Further fueling the digital bonfires, Amazon announced the launch of its latest imprint, 47North, for sci-fi/fantasy/horror titles. 47 joins Montlake Romance and other genre imprints that put Amazon into direct competition with their most powerful adversaries, traditional publishers and the remaining big trade chain/publisher, B&N. This is the latest of the major changes in publishing that began with digital publishers challenging the traditional houses as e-book sales began to take off. After the trad pubs got their digital ducks in a row as another format for print titles, we saw them next begin to set up their own digital imprints to capitalize on the trends – what started with Harlequin and Carina Press was just the tip of the iceberg. We saw Avon Impulse launched this summer and . . .

October 24, 2011

. . . PW reported the launch of InterMix, the digital arm of Penguin imprint, Berkley/NAL. Like Avon Impulse, and Amazon’s Montlake, InterMix will produce genre fiction, including romance. For romance authors, this continues to expand the arena of possibilities for publication – while at the same time it creates a quagmire. Digital publishers with one set of royalty rules, different publication schedules and distribution networks, traditional publishers with their own structure for print and evolving business model for ebook formats of print titles, and now traditional publishers with all-digital arms – in many cases of they are not competitive (royalty rate wise) with the digital publishers, but still bear the cachet of being a “real” publisher, in some minds. How do you educate yourself about the pros, cons, dangers, and differences? Beyond the choice in publishers, what are the differences for you, as a career author? Is it about the money, the prestige, the exposure?

Then, there’s an entirely different arena that every author needs to know about, the . . .

October 31, 2011

. . .public library system. This issue of PW focused on the libraries, their influence with publishers, and their importance to authors. In tough times, library offerings can be very meaningful to authors when people can’t buy books, but they can borrow them and discover new authors. Did you know libraries spend billions on books? Authors can still be very successful by creating a new reader fan base – provided their books are on the “shelves”. Digital publishing hasn’t caught the library system off guard. They jumped immediately onto the bandwagon and quickly began offering digital books (yes, Virginia, there is an app for that!). But this is yet another rocky road to travel. How libraries will acquire e-books outside the traditional catalogue, the logistics of licensing digital copies, and the jockeying by publishers to get as big a piece of this new pie as they can. Macmillan, for example, playing greedy and cutting the number of “loans” allowed per digital title, ended up having their titles boycotted by libraries in both formats (and the trickle down impact of these negotiations hits the author head on). We are witnessing the rule book being re-written and until the ink is dry, we authors are all in the tumult together. From Patron Profiles, a new Library Journal quarterly survey & report, a telling figure: Library patrons read 47 books per year, compared to an average of 27 of all responders. Of this ongoing survey, says Library Journal Executive Editor, Rebecca Miller: “If they’ve (publishers) ever doubted the role of libraries in launching an author, this will set them straight. In turn, librarians get new insight into what their patrons want and need. And they are getting many of their hunches confirmed: that library users are avid readers, listeners and talkers, and that the library is an important part of a rich ecosystem of cultural exchange that is seamlessly connected to the marketplace.”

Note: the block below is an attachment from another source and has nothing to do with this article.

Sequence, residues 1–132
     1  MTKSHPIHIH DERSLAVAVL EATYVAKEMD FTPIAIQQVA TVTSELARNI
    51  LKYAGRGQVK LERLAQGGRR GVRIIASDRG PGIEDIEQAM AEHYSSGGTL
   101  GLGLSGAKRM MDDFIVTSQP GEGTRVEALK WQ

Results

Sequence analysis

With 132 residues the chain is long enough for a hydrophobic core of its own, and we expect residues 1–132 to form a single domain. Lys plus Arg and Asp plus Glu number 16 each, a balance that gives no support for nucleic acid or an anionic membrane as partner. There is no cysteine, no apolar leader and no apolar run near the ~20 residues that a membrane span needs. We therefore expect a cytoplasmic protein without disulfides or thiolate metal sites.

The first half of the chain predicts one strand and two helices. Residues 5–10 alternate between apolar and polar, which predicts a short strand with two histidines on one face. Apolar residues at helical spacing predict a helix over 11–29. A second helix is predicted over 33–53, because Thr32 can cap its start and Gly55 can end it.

November 7, 2011